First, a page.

- Technical Note
- Open Access
SigWin-detector: a Grid-enabled workflow for discovering enriched windows of genomic features related to DNA sequences
BMC Research Notes volume 1, Article number: 63 (2008)
Chromosome location is often used as a scaffold to organize genomic information in both the living cell and molecular biological research. Thus, ever-increasing amounts of data about genomic features are stored in public databases and can be readily visualized by genome browsers. To perform in silico experimentation conveniently with this genomics data, biologists need tools to process and compare datasets routinely and explore the obtained results interactively. The complexity of such experimentation requires these tools to be based on an e-Science approach, hence generic, modular, and reusable. A virtual laboratory environment with workflows, workflow management systems, and Grid computation are therefore essential.
Here we apply an e-Science approach to develop SigWin-detector, a workflow-based tool that can detect significantly enriched windows of (genomic) features in a (DNA) sequence in a fast and reproducible way. For proof-of-principle, we utilize a biological use case to detect regions of increased and decreased gene expression (RIDGEs and anti-RIDGEs) in human transcriptome maps. We improved the original method for RIDGE detection by replacing the costly step of estimation by random sampling with a faster analytical formula for computing the distribution of the null hypothesis being tested and by developing a new algorithm for computing moving medians. SigWin-detector was developed using the WS-VLAM workflow management system and consists of several reusable modules that are linked together in a basic workflow. The configuration of this basic workflow can be adapted to satisfy the requirements of the specific in silico experiment.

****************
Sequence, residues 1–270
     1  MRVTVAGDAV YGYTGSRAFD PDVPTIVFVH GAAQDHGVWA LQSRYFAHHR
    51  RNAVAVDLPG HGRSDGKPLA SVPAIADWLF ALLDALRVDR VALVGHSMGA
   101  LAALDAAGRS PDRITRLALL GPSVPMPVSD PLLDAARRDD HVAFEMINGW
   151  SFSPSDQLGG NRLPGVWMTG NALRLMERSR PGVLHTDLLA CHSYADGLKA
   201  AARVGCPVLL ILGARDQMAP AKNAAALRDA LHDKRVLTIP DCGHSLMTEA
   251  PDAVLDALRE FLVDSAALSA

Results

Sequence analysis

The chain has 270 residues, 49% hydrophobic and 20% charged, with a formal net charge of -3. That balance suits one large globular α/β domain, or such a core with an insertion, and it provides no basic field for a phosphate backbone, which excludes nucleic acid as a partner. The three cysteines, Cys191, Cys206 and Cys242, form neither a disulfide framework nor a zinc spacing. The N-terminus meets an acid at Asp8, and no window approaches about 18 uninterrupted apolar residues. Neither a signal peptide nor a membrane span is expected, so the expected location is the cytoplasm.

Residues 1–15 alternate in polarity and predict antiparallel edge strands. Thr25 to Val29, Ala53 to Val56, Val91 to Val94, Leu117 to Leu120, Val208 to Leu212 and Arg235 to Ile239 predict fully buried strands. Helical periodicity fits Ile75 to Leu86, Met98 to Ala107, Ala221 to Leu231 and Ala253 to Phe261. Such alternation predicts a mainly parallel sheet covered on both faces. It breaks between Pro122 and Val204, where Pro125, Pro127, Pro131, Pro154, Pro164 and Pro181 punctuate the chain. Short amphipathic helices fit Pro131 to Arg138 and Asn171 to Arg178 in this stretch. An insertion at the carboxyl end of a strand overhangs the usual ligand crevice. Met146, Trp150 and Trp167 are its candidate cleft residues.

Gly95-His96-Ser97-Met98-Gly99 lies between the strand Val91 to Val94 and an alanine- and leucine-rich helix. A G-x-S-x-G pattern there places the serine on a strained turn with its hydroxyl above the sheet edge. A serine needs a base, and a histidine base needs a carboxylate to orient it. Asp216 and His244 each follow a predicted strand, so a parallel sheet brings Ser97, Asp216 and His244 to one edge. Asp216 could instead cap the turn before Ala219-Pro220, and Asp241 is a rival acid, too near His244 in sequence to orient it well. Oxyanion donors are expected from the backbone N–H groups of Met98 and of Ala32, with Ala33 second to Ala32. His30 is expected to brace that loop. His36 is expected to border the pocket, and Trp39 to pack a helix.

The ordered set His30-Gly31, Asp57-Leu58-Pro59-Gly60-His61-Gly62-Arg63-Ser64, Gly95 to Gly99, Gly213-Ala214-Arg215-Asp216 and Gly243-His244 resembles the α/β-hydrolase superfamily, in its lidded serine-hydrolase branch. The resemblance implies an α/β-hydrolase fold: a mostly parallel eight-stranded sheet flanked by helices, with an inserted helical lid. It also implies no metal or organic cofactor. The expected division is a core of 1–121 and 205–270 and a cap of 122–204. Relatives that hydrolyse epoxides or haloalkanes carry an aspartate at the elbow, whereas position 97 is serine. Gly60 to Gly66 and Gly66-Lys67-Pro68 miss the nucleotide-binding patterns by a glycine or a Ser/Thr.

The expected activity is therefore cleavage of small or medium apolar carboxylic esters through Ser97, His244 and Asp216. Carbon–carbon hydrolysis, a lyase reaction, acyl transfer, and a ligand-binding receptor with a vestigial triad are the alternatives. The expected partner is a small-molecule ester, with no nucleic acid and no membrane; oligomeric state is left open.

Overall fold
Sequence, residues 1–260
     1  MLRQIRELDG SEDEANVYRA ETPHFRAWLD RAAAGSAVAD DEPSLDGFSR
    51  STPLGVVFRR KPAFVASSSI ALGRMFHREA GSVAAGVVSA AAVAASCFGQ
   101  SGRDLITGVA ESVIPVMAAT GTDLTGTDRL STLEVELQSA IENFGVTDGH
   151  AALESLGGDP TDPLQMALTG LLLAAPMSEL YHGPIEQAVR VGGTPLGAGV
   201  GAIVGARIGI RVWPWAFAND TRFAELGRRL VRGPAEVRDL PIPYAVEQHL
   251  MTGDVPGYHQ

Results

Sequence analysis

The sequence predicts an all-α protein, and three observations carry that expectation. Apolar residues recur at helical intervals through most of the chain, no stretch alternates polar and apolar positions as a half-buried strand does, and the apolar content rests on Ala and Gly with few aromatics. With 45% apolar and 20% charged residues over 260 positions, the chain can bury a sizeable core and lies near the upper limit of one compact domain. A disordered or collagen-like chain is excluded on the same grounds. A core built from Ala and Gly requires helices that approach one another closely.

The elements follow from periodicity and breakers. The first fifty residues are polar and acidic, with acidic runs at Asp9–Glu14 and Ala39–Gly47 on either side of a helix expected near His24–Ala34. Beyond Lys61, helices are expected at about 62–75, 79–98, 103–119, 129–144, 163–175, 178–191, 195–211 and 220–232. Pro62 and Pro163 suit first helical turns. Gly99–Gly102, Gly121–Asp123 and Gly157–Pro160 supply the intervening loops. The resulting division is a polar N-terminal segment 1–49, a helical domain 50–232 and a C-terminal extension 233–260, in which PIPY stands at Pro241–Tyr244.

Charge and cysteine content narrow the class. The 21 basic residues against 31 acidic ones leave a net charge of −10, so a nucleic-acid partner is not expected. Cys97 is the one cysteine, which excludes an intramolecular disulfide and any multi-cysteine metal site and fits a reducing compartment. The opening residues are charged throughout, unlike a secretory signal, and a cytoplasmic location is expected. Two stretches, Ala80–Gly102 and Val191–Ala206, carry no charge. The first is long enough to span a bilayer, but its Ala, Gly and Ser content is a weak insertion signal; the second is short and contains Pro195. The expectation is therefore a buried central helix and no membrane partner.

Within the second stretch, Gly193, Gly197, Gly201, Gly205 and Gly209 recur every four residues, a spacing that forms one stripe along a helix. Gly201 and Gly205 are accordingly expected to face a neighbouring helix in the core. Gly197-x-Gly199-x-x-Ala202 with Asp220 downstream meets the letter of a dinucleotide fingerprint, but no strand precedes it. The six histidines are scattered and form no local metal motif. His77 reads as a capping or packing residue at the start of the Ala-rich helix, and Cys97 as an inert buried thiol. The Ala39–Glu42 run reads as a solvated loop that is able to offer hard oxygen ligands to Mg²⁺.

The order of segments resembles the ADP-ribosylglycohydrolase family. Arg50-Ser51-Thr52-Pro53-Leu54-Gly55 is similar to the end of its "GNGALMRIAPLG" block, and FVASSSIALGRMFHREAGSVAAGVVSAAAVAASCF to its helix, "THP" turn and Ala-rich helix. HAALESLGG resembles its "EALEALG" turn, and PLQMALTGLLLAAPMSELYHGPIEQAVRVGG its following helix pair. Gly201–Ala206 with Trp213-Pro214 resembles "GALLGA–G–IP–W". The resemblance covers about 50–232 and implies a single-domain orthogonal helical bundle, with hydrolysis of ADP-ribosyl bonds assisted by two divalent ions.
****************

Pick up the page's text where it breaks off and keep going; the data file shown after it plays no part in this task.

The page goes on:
As we show with the results from analyses in the biological use case on RIDGEs, SigWin-detector is an efficient and reusable Grid-based tool for discovering windows enriched for features of a particular type in any sequence of values. Thus, SigWin-detector provides the proof-of-principle for the modular e-Science based concept of integrative bioinformatics experimentation.
Genomic information is encoded in DNA and as such retained in a fairly steady configuration. In contrast to RNA, proteins, and metabolites, DNA is organized by a limited number of large chromosomes with relatively stable DNA sequences. Therefore, position in the DNA sequence, i.e., chromosome location, provides a convenient and essential scaffold for both the living cell and molecular biological research. In cells, for example, chromosomal organization is important for gene-transcription processes. Expression-profiling studies showed that gene expression is not only controlled at the level of individual genes, but also via autonomous regulation of chromosomal domains [1–5]. This suggests the existence of higher-order transcriptional regulatory mechanisms related to DNA organization or structures. The use of chromosomal organization in the life sciences is exemplified by the popularity of genome browsers that use chromosome location to map many genomic features, such as genes and their products, regulatory elements, gene expression, and epigenetic markers. The search for connections between genomic features is important in unraveling cellular mechanisms.